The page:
Managing alone time and loneliness during the holidays
For many, the holidays are filled with friends, family and constant celebration. People put socialization on overdrive and seem to take no breaks. However, for others, the holidays can feel lonelier than any other time of year.
Not everyone has close friends and family to spend their time with during these cold few months. Some may have it reserved for extra alone time, and not by their own choice. Taking more time for yourself during the holidays is not unhealthy on its own, but doing so too much can lead to negative emotions and feelings of isolation.
Balancing alone time during the holidays
There is a difference in taking some alone time to avoid being around others. “Taking some time alone is kind of like taking a break at halftime of a football game,” says Megan Williams, Director of Suicide Prevention for Centerstone. “You’ve been chatting with people, trying to keep the conversation going for a couple of hours, and you need to take a 15-minute break to step away and recharge your batteries.”
Alone time can be healthy as it provides time to focus on yourself and what makes you happy. There are several ways you can celebrate on your own:
- Start a new tradition! Try creating a new holiday tradition for yourself, such as baking a holiday treat or watching a new holiday movie.
- Rediscover an old talent. Pick up that dusty old guitar, put on those dance shoes, or do anything else that makes you feel like yourself.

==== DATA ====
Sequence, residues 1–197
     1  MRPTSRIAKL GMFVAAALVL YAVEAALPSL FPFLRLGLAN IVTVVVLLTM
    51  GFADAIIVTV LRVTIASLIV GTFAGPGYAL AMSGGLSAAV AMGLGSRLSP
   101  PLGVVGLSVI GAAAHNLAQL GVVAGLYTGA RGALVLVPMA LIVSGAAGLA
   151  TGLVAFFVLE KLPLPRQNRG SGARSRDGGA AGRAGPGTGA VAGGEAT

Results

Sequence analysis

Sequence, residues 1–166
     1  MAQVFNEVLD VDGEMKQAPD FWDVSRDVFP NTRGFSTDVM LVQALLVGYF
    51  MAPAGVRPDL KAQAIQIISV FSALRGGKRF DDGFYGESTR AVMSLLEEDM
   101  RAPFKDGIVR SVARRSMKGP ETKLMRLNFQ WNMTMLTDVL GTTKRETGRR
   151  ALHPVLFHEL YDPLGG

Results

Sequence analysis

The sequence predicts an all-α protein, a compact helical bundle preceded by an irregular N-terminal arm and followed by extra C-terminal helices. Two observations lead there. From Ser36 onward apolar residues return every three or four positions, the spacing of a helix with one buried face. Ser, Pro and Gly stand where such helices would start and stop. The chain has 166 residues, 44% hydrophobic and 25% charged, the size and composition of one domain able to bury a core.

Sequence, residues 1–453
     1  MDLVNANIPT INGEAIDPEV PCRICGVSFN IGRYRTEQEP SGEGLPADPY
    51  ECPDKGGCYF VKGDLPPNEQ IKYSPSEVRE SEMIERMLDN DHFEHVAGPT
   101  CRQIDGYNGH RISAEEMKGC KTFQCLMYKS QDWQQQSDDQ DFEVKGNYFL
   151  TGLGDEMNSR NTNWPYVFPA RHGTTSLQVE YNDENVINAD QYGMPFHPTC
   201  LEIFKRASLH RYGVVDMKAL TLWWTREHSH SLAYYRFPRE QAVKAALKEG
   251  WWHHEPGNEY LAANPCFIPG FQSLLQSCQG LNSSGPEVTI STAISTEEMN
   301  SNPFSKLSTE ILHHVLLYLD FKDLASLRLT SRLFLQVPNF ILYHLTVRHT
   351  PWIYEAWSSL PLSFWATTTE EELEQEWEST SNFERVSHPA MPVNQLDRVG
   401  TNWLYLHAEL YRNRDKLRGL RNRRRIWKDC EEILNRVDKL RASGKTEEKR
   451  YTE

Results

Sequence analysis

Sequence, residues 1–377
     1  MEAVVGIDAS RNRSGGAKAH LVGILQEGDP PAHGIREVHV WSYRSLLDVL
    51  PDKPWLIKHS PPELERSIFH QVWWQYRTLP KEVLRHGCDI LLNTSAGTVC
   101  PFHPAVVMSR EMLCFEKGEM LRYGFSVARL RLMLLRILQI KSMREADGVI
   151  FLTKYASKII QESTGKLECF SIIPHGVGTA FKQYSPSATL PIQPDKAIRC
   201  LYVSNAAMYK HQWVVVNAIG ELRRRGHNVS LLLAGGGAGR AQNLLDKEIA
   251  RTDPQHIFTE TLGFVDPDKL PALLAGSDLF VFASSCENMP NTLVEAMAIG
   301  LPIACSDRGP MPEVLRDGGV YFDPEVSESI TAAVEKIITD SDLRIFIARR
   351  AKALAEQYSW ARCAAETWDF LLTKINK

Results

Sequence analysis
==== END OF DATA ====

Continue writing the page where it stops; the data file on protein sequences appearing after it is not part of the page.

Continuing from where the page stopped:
- Do something out of the house. Go explore that museum you’ve heard so much about or, if weather permits, spend some time out in nature.
- Write letters and make phone calls. You may just be alone for the holidays because you’re loved ones are too far to see this year. Spend some time talking to them on the phone or writing to them to stay connected. Even one short call can be uplifting.
While having meaningful alone time is good for the soul, it is important to know your limits and when you need to recharge socially. All people, whether introverted or extroverted, need some level of socialization to be healthy.
Being alone can become unhealthy when alone time turns into avoidance or prolonged isolation. Feelings of anxiety and loneliness can cause us to avoid social interaction altogether as a coping mechanism. This isolation can lead to depressive symptoms, which end up further increasing feelings of loneliness – it’s a cycle.
Other ways to cope with holiday loneliness
One of the best ways to cope with holiday loneliness is seeking out time with people. “If being around others could alleviate any loneliness you feel, seek social interactions out,” says Megan Williams. “You can always take a break or limit those interactions as you see fit to ensure good self-care.”
If you don’t have loved ones nearby, this may take more initiative on your part.
- Look for volunteer opportunities. There are plenty of ways to help others, and opportunities only increase during the holiday season. Volunteering allows you to make a positive difference while socializing without all the pressure.
- Say yes. Accept invitations from friends and coworkers to do things, even if they’re not people you usually spend much time with. You don’t have to say yes to everything, but putting yourself out there in this way can help you feel less isolated.
If you’re feeling sad and lonely, try to not exacerbate these feelings by comparing your plans to others’. Stay off social media – it’s only a “highlight reel” of someone’s life and can make you feel small in comparison. Practice healthy coping strategies, and remind yourself what is best for you, even if that’s spending some extra time on self-care.
If the holidays have you experiencing increased mental health challenges, Centerstone is here to help. You can call us at 1-877-HOPE123 (877-467-3123) to get connected with care.